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My memories of Cynthia Barker, Worshipful Mayor of Hertsmere in UK by Boy Villasanta (Part 9)

The following day, Sunday, was a new day for all of us.

The group of Cynthia Alcantara-Barker, the late Worshipful Mayor of Hertsmere district in the country of Hertfordshire in the United Kingdom, was early birds as shown in the configuration I saw when we met up with them after a night out.

Meanwhile, the night owls in us—Fil-Briton filmmaker Jowee Morel, Cynthia’s fashion designer Mitch Desunia and her assistant and me—was now up and about to have an audience with Barker before we went back to our respective destinations. Jowee had to go back to Pagsanjan, Mitch and her gay Friday to Las Piñas City and me at San Pedro City in Laguna Province.

Jowee was the advance party to see Cynthia the morning after. He would feel his way around if the councilor at the time had full schedule but surely, she would find a time and space for us. The Fil-Brit director sounded off that Cynthia was open to see us, but of course because she had to talk to us officially about what to do, what to write about and how to start the partnership.

Not only should the Philippines be familiar with Cynthia Barker but the world as well. What with the prevalence of the web and social media, all possible campaigns for Cynthia would materialize and succeed.

That morning could be a wide range of and wise interview with her.

I followed Jowee’s instruction to go up Cynthia’s room in the tavern.

There was Barker in her morning glory. She was a simple as anything like a blooming rose in the garden. She was with her kith and kin, most young boys and girls and some grown-ups. I didn’t see Ador, though. He must be around attending to his cousins or paying them visits in their homes. He should take advantage of the occasion.

Noticeably, there was a basket of fruits in the table. I requested Cynthia if I could have the guava and she readily gave it to me.

The anteroom as a dressing space was filled with Cynthia’s wardrobe meant for her entire stay in the country.

She was sitting lightly on her bed.

Oh! This important lady of the hour must be secured but I noticed that she wasn’t given a security force—even a local police—during this time. To think that she was a sort of foreign dignitary as a member of the Conservative Party in the local council of Hertsmere, she must be secured from all possible untoward incidents afforded to a VIP. “No’n nga, nagsabi kami dito na baka puwedeng magkaroon man lang ng isa o dalawang pulis na mag-i-escort kay Cynthia pero wala (Before we requested here if they could assign one or two police authorities to escort Cynthia but no way she was granted),” recalled a male cousin of the councilor. 

In Hertsmere, Cynthia was a secured public servant.

Okay lang ‘yon. Noon nga, wala naman silang ibinigay na escort, okay lang. Kaya ko naman na mag-isa kahit saan (That’s okay. Before they didn’t provide escorts but that’s okay with me. I can manage being by myself anywhere),” she said self-assuredly.

No. She was entitled to even one or two escorts knowing her value as a world leader. She might just be a major council member but that was equivalent as well to an international leader. She was a working English politician like anyone from her mold.

“I just informed the Embassy that I was here in the Philippines. It was enough security for me,” Cynthia humbly quipped.

It was different, though, if she was accorded a security in her own turf even if she had pledged allegiance with the UK flag. She was in a way still a Filipino and an emissary of the UK government suggested in the bilateral relationship between the Philippines and Great Britain.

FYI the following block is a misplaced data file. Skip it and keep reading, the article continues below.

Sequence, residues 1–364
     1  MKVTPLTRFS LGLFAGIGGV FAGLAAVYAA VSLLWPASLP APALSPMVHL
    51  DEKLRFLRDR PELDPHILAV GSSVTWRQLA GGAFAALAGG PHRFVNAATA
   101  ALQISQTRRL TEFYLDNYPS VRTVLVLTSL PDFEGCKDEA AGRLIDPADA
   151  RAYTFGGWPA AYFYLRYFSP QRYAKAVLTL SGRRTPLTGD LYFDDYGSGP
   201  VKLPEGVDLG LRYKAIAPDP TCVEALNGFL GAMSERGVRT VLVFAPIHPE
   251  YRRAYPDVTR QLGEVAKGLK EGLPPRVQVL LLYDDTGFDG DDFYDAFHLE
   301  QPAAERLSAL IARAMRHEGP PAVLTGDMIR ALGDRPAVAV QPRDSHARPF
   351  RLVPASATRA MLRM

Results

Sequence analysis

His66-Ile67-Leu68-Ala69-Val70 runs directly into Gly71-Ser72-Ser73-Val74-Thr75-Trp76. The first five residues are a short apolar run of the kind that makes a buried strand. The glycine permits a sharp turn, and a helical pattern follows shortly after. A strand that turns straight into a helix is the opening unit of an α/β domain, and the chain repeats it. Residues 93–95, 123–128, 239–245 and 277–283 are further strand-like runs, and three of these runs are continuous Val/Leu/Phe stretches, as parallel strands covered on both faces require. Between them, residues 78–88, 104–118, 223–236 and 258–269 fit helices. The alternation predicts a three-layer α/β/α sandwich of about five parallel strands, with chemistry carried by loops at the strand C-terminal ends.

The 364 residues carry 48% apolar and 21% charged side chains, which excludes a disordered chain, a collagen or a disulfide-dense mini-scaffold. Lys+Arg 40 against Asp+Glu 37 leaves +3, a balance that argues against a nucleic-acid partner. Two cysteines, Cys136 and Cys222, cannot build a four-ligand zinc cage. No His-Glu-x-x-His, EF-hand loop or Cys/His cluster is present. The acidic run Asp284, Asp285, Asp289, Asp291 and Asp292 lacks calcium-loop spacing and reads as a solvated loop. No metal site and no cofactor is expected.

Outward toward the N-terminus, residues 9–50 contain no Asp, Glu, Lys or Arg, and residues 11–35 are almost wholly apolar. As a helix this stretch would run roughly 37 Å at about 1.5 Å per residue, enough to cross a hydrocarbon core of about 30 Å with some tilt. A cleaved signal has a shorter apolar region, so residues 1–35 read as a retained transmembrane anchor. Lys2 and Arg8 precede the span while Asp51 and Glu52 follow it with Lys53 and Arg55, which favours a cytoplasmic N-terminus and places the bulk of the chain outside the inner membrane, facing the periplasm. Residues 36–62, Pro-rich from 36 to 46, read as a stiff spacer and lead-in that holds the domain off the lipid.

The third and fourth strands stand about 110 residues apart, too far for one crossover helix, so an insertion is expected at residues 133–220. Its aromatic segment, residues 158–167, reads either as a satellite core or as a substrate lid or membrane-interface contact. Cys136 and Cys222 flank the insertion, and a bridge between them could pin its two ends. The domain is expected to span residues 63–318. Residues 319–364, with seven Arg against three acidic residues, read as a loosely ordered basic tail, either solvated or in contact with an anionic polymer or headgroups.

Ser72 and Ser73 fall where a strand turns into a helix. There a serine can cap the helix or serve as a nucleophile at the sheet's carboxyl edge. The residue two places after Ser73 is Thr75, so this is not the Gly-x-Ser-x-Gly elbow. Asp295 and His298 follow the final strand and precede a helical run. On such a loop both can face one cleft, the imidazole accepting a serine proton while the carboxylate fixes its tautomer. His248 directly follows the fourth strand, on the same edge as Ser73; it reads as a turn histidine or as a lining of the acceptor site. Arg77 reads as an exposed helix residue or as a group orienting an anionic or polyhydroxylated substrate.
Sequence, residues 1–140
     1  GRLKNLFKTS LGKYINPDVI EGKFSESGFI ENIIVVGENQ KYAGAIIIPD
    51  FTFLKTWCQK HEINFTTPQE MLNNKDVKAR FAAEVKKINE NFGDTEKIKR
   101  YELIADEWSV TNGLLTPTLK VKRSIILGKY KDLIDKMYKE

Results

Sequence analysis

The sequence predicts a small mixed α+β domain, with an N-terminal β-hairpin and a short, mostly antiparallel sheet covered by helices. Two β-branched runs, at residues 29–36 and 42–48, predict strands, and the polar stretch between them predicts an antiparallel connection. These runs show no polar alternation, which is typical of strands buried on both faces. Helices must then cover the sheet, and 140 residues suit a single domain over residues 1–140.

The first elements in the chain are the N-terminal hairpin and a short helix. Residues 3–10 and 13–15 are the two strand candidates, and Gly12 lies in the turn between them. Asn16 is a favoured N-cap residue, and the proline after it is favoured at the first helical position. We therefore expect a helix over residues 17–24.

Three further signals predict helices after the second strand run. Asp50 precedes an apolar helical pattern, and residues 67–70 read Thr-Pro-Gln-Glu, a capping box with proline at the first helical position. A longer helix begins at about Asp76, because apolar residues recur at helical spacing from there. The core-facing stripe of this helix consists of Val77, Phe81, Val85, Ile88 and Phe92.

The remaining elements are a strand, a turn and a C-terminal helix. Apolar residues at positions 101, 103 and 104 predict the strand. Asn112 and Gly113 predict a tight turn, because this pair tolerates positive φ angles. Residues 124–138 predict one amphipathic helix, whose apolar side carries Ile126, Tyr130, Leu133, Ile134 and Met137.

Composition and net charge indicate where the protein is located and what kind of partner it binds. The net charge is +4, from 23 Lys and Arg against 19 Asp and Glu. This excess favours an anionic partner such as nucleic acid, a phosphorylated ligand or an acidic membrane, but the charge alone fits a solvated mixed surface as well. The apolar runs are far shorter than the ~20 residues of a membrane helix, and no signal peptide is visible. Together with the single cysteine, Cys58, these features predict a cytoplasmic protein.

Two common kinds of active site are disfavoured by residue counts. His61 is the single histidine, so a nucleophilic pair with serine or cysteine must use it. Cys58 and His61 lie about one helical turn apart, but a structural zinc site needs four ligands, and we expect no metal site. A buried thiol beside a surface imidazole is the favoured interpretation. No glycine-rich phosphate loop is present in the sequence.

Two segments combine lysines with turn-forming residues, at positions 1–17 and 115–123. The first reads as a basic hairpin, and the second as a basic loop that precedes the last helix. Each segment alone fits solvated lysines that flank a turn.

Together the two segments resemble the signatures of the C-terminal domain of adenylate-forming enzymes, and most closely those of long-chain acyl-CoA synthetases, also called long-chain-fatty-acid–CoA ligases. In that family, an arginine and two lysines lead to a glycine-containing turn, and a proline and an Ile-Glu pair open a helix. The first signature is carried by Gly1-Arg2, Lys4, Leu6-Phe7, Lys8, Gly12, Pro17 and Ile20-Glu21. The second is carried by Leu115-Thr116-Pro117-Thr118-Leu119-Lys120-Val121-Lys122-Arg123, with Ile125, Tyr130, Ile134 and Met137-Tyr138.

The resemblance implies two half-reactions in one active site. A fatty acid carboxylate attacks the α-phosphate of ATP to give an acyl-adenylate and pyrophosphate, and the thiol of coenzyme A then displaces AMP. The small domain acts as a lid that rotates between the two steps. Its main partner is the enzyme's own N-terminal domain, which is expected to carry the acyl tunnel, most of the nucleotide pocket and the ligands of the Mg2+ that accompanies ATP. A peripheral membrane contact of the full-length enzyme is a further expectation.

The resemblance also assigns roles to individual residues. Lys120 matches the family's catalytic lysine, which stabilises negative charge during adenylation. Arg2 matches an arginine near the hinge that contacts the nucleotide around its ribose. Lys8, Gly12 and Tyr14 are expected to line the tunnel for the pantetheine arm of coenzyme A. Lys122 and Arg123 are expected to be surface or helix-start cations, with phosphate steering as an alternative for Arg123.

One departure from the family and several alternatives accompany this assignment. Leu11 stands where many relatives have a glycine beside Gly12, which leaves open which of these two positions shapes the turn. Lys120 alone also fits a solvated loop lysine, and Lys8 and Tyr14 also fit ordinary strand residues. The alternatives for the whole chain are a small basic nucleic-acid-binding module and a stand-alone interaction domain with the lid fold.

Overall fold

It was also the good person in Cynthia that she must be secured during that time. People would impress upon any balikbayan that anyone from abroad had a precious life (read: sterling pound sign) so one must be protected from vicious and devious intentions.

Barker didn’t make a fuss about the security issue, though.

For her, her safety was equivalent to her self-confidence and self-assurance. She didn’t even need an alalay although her relatives were happy assisting and caring for her which she was thankful for.

People rushed to her that morning. Those who didn’t come around the awards night the day before would want to see and talk to her. Longtime friends and classmates flocked to Sulyap Hotel and took their turns in meeting up with the woman they missed so much.

After our interview with her, she immediately ordered lunch for it was fast approaching twelve noon.

While she was instructing the hotel staff what to offer her guests and entourage, Cynthia was receiving the flow of well-wishers. Here was a group of Cynthia’s childhood friends and classmates who devoted their time even cancelling filial meets just to see her, a rare moment, a once in a blue moon experience reuniting with a long lost friend.

Lintek kayo (Oh! You were striking like lightning),” she happily welcomed these three women very close to her. She was smiling ear to ear to these ladies. It was a wonderful moment of reunion.

“Lintek” was taken here as an expression of endearment in the provincial colloquial conversations although it could also mean a conveyance of irritation or anger in a given context.

No moment was squandered during the meeting so before a lunch of adobo, Cynthia was intently listening to the many colorful anecdotes and recollections from her guests. She was like swinging in bliss. Sweet memories started to ooze in the middle of girls’ talk. Cynthia, obviously, enjoyed and reminisced at the same time her good ol’ days in the idyllic San Pablo. It was like never to hear the end of it. (To be continued)

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